Education Talks: Science takes centre stage

Festivals and workshops, policy and continuity, lessons and resources – Jean-Luc Richter talked all things science when we interviewed him at the Education Summit. As vice president of Science on Stage France (a branch of Science on Stage) and Physics and Chemistry teacher at Lycée Jean-Baptiste Schwilgué, he has been able to examine science education from more than one angle.

What are some of the challenges faced by science teachers?

If you want to make science interesting, you have to be fun with the students, but at the same time, don't lose sight of the science that is behind it and that is not always so easy to explain – so not oversimplify it. And at the same time, it is sometimes difficult because you don't have time to set up experiments. In some countries, for example in Germany, they are alone – teachers – they don't have help to set up experiments. And when you only have 5 minutes between two lessons to set up an experiment for the students to have a hands-on, it is very difficult to do. So teachers need time and they need time to train, because you have to keep up to date with all the discoveries made in science.

What is Science on Stage?

So, Science on Stage is a network. We have for the moment 32 countries: mostly Europe plus Canada, and we exist for more than a decade. In every country, they choose the best projects; this project then goes to the European festival. There, we have of course a little competition, but it is not about the competition, it is about sharing. The teachers share the experiments among each other and then, when they come back, they can do follow-up activities, they can meet again and develop new projects. They can do workshops – we had, for example, in the last two years, 170 workshops almost. We produce teaching materials which we compile in booklets that you can download, and that we distribute as well to the teachers who come to the workshops.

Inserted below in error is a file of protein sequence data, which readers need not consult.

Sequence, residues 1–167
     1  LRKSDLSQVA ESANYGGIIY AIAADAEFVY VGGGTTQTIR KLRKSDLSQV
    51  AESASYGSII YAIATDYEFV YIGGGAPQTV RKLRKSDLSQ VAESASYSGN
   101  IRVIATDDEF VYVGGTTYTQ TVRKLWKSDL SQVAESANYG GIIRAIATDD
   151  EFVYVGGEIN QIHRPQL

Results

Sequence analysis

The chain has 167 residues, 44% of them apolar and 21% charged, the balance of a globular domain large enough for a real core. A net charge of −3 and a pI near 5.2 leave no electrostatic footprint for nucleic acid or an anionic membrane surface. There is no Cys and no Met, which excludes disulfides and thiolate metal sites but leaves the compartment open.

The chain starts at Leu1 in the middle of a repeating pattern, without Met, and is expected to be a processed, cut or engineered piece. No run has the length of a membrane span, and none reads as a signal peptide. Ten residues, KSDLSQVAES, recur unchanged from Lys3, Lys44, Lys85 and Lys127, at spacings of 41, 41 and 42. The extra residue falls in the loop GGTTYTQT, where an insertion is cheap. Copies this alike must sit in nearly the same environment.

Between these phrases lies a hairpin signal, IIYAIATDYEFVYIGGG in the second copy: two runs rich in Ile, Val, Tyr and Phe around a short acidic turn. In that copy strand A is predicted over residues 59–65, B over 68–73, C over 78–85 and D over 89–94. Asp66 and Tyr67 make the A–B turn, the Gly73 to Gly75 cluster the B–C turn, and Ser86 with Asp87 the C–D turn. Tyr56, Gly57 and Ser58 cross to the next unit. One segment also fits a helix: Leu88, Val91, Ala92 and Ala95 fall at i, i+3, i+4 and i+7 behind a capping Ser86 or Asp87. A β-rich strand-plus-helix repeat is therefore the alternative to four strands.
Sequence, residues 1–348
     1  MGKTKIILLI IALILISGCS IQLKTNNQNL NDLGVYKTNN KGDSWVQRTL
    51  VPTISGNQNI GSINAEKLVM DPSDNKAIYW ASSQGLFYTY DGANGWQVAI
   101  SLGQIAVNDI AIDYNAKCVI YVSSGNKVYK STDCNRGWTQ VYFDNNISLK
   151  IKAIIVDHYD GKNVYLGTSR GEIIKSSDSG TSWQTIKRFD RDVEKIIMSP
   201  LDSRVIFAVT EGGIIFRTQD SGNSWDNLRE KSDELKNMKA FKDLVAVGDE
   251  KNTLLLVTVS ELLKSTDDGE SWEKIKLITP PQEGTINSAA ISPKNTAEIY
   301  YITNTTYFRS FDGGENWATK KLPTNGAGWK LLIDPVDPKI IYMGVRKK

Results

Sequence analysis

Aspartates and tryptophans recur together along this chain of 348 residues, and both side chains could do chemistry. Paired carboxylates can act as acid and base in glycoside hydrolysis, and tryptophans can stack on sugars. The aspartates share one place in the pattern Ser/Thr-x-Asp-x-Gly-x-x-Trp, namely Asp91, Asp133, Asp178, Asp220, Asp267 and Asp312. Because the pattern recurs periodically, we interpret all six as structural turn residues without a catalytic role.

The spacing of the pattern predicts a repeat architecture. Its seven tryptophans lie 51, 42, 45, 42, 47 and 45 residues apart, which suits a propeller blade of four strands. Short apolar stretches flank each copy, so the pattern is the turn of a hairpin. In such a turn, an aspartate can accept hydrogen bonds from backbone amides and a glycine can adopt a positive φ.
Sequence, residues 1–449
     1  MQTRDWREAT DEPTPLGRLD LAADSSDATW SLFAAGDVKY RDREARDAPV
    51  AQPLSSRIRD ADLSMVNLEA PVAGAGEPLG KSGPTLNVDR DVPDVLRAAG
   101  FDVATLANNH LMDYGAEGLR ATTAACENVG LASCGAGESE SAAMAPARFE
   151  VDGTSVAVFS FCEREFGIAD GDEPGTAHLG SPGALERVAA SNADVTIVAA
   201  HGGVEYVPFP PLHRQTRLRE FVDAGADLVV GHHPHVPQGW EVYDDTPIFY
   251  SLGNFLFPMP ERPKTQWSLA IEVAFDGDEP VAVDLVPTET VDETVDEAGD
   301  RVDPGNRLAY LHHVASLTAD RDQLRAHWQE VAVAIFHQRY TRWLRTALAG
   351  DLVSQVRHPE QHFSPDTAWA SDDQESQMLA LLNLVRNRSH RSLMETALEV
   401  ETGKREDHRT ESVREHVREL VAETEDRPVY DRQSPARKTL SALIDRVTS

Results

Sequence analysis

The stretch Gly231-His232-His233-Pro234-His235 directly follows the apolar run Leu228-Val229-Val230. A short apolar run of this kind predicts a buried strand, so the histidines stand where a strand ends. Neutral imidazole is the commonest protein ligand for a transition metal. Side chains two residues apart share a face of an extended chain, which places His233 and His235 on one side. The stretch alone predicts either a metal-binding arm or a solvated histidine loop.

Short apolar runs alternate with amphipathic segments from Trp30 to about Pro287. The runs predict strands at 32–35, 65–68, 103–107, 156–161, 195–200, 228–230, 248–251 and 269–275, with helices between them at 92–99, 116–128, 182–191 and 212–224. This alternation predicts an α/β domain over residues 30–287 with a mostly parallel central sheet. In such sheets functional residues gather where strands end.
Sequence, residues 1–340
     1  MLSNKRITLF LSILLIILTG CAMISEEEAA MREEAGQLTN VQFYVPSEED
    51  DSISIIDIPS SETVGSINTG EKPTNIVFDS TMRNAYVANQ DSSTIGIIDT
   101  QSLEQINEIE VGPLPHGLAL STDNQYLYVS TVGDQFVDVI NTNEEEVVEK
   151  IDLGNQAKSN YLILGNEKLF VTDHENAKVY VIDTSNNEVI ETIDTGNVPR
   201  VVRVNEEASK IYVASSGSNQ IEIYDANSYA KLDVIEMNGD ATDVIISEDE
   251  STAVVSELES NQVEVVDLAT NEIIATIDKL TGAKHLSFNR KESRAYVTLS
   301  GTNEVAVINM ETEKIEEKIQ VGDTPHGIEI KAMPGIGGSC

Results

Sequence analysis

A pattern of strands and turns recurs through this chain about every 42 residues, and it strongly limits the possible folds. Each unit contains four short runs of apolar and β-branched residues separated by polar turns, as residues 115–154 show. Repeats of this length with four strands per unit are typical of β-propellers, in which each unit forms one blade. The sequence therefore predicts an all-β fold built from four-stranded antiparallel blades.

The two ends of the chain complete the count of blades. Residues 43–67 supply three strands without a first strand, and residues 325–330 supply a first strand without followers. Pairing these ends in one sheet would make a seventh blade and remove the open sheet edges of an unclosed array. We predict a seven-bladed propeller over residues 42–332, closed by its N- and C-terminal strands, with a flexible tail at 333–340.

How do you promote continuity between primary and secondary science education?

One thing that we have to do – and we do it for example in our last coding project that we are promoting now – is to have primary and secondary school teachers working together on common subjects, and this way, they can learn from each other. In our festivals, we have teachers from all the levels who work together on this festival, so a secondary teacher can see what primaries do and primaries can see what secondary or higher-level teachers do. And we have university people coming and making conferences so anybody can look at what is new in science.

What can be done on a policy level to improve science education?

The teacher is really the base, so you have to train teachers well, you have to give them time for training, and you have to give them the opportunity to go to workshops. For example, when we organise teacher trainings somewhere, we have sometimes this problem where the headmaster says: ‘No, you have one hour to teach, so you don't go to the whole day of workshop.’ So I think that is very important: give the teacher time to train, to get the best experiments, the best experience from other teachers, and keep in mind that you can't just cut down the costs. Education is not costs; it is really an investment for the future.